Montana's first serious steps in promoting itself as a tourist destination began in 1988, when the state began collecting its 4 percent lodging tax. Most of the proceeds from the tax were earmarked for marketing Montana and its six tourism regions to potential visitors from out of state. The strategy seemed to have worked well. In 1988, the state collected $5 million in bed taxes. By 2000, it had more than doubled to $10.9 million.
The travel industry itself should strengthen its role in increasing public awareness, said Amy Sullivan of the Montana Tourism Coalition.
"We could probably do a better job of self-promotion," she said.
She called the survey results disappointing, but said "tourism is still a fairly new contributor at this level to Montana's economy. It takes time."
The economic effects of tourism aren't as easy to spot as with other industries, such as agriculture, she said. When an out-of-state visitor is shopping his heart out at the mall, he probably doesn' t stand out from among the local customers, she said.
Last year, 9.4 million out-of-state visitors - roughly nine times the state's population - crossed over Montana borders. While here, they spent $1.6 billion.
Many Montanans don't make the connection between their expanding local tax base and the new hotels, restaurants and retail businesses that tourism has made possible, Sullivan said. They sometimes don't see that it' s the extra business that tourists provide that keeps their favorite eateries and specialty stores afloat in the off season, she said.
Cohn said tourism has added airline flights to Montana cities, most notably Bozeman and Billings. Good air service is one of the things that other businesses look for when trying to find a place to set up shop. Bozeman is a particularly good example, he said.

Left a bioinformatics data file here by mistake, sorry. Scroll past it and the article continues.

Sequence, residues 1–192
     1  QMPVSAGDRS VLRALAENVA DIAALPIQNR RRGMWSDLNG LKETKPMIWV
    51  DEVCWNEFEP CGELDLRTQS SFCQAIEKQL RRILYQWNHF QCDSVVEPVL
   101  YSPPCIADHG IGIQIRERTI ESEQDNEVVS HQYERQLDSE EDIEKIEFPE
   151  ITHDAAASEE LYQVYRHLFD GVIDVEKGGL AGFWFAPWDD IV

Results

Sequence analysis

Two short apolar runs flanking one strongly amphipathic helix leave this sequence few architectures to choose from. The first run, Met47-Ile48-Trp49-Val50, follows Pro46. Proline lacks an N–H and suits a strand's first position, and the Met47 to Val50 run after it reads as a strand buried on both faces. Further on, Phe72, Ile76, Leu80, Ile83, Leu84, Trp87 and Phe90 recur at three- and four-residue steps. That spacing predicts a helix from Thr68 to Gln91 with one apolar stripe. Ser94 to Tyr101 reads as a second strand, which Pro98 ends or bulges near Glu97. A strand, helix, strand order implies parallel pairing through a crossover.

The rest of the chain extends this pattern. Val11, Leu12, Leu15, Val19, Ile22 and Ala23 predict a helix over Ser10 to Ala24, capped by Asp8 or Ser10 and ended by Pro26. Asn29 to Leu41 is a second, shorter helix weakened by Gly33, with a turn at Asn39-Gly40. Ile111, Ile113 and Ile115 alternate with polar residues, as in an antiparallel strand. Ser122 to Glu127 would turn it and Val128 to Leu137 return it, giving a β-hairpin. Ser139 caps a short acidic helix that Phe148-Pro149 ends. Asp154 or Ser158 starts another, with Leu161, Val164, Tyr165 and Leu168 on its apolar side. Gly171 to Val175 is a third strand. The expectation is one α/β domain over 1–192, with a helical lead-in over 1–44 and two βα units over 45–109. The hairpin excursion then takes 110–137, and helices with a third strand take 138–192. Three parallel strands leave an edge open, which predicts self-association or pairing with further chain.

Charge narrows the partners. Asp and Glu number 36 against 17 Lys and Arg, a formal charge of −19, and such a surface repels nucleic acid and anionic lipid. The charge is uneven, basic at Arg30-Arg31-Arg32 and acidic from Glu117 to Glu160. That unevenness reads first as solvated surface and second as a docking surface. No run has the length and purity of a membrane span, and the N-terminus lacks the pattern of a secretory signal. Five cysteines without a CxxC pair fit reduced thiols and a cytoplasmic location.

"A town that size with that kind of air service is unheard of," according to Cohn. "It's being driven by that Big Sky-Yellowstone Park economic corridor."
He said general public apathy toward tourism could be self-limiting.
"If you don't see the potential, then you don't think about it when land-use planning or other issues where tourism could be affected come up," he said.
Although tourism ranks among Montana's major economic bases, it still doesn't seem to get the attention of other economic sectors, Cohn maintains. Legislators have dealt with it on a piecemeal basis rather than with a long-term strategy, he said.
Sullivan and Cohn agree that the 2001 Legislature seemed to have a better understanding of the importance of tourism than previous sessions. There were fewer attacks on the bed tax and more recognition of the income the industry generates.
But Sullivan would like to see Montanans and policymakers take a closer look at how tourism developed in Montana, and possibly use it as an example for other industry. Since 1987, when the bed tax was passed and Montana began promoting itself, the industry has boomed, she said. It's a success story that shouldn't be overlooked.
Cohn believes that the industry will get its due, but not overnight.
"I think it's an evolving thing in terms of changing people's perceptions," he said. "I'm not surprised by the (survey) numbers now, but if we have these same numbers in 20 years, then we've really got a problem."
Lorna Thackeray is a reporter for the Billings Gazette.